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Senate Democrats will oppose GOP police reform bill, setting up stalemate in Congress

Senate Democratic leader Chuck Schumer called the GOP reform bill "deeply, fundamentally and irrevocably flawed."
Image: Chuck Schumer and Kamala Harris speak on Capitol Hill in Washington
Senate Minority Leader Chuck Schumer, D-N.Y., speaks to reporters about police reform legislation at the U.S. Capitol on Tuesday, June 23, 2020. Sen. Kamala Harris, D-Calif., stands next to him.Kevin Lamarque / Reuters

WASHINGTON — Senate Democrats said Tuesday that they plan to block a vote on Republican legislation to reform policing guidelines, calling it "irrevocably flawed" and setting up a stalemate in the Senate over how to address police violence in the midst of national protests.

Democrats' move to oppose the measure undercuts plans by Senate Majority Leader Mitch McConnell, R-Ky., to hold a procedural vote Wednesday to move on to debating the legislation. The measure needs the support of at least 60 senators to pass, meaning seven Democrats would have to join all Republicans.

But Democrats say they don't believe President Donald Trump is willing to work toward a solution, and they are skeptical of McConnell's intentions in moving forward with the GOP bill, speculating that he is putting forward a half-baked effort.

Senate Minority Leader Chuck Schumer, D-N.Y., who called the bill "deeply, fundamentally and irrevocably flawed," said McConnell's "plan appears to be designed to get the burden of dealing with policing reform off Republican shoulders by setting up a process which is guaranteed not to result in successful legislation."

Sen. Cory Booker, D-N.J., said, "He's setting this up for failure so he can check a political box."

Booker and Kamala Harris of California, the Senate's two Black Democrats, helped write a version of the reform bill that is being voted on in the House on Thursday. They asked McConnell in a letter Tuesday morning for "bipartisan talks to get to a constructive starting point."

McConnell suggested that he will move forward with the vote Wednesday regardless, telling reporters that Democrats "don't have to trust me when I say I want an open amendment process."

"I mean it, but if they don't feel like they've had fair treatment, their remedy is to refuse to finish the bill," he said.

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House Speaker Nancy Pelosi, D-Calif., said last week that she would support negotiating with the Senate after both chambers vote on a bill in a conference committee. When asked why he doesn't support that process, Schumer said: "If you want to get to conference, you need a bipartisan process to start, or you will never get to conference. That's the flaw of McConnell's proposal."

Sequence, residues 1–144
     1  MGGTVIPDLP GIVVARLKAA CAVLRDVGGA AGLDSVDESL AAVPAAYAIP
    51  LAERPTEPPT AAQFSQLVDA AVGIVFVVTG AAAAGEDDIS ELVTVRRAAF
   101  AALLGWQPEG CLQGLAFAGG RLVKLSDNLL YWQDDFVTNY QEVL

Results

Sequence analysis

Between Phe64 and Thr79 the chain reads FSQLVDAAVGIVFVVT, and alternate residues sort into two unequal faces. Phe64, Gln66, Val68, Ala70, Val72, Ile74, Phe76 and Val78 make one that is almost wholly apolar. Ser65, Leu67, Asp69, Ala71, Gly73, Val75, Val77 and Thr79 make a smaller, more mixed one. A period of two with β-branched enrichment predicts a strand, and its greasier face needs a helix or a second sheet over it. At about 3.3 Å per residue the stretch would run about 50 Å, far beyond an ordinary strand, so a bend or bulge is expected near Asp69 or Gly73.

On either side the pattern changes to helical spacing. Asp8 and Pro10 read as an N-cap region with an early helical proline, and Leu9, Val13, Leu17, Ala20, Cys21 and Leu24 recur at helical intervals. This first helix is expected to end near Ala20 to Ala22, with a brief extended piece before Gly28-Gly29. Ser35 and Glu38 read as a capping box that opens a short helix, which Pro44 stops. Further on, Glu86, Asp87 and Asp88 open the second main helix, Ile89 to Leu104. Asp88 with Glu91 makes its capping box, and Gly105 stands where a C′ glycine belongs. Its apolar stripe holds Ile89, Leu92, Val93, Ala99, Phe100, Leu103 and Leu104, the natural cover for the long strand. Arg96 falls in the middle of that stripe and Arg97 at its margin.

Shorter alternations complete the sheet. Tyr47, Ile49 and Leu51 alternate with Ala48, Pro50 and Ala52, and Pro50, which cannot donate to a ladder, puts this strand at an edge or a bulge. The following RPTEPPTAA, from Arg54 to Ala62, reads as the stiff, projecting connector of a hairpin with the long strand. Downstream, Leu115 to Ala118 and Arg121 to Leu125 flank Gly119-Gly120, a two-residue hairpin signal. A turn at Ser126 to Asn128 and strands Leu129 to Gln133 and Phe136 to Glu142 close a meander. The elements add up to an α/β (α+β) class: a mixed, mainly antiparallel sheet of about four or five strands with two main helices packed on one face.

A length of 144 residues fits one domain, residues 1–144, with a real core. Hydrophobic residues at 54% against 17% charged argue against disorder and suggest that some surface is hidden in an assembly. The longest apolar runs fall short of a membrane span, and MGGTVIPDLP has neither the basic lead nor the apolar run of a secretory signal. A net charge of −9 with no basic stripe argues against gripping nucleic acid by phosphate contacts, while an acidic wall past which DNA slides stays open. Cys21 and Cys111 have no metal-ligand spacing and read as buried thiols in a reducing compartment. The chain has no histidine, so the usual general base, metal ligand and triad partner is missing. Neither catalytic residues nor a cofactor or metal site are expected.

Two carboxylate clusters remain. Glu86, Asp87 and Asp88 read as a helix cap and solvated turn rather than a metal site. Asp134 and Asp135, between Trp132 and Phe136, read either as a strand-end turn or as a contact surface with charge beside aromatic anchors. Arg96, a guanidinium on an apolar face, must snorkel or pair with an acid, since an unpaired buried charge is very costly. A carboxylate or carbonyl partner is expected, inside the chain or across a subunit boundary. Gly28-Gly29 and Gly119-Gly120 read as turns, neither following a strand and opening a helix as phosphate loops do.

The Republican and Democratic bills are dramatically different. Unlike the Democratic version, the Republican bill doesn't call for an outright ban on chokeholds or touch on the defense of qualified immunity, and it would collect data on entries using "no-knock" warrants instead of banning them. The Democratic bill would ban no-knock warrants.

"I think there's going to be a price to be paid for it," said Sen. John Cornyn, R-Texas, who is running for re-election this year. "I'm for holding them accountable. I'm not for helping them out of the ditch that they've gotten themselves in."

Democrats were bolstered by the support of civil rights groups, including the NAACP, which urged them not to advance legislation that they call inadequate.

The civil rights groups said in a letter that the Republican bill "fails to respond to decades-long demands for police accountability and reforms."

"In this moment, we cannot support legislation that does not embody a strong accountability framework for police officers and other law enforcement who engage in misconduct as well as needed reforms to policing practices," the letter continued.

As both sides hardened in their positions Tuesday, a bipartisan group of six senators who have been instrumental in crafting each party's legislation — Republicans Tim Scott and Lindsey Graham of South Carolina and Marco Rubio of Florida and Democrats Booker, Harris and Dick Durbin of Illinois — met behind closed doors.

Booker said that it was just a conversation and that talks haven't formalized into a bipartisan working group.

Meanwhile, Sen. Mike Braun, R-Ind., introduced legislation that would scale back the qualified immunity defense for police officers, a reform most Republicans don't support.

Braun said in an interview that Republicans are "a little timid in what we want to do" about police reform. "If we want to do something that's going to change the dynamic, I think you've got to have some discussion of qualified immunity," he said.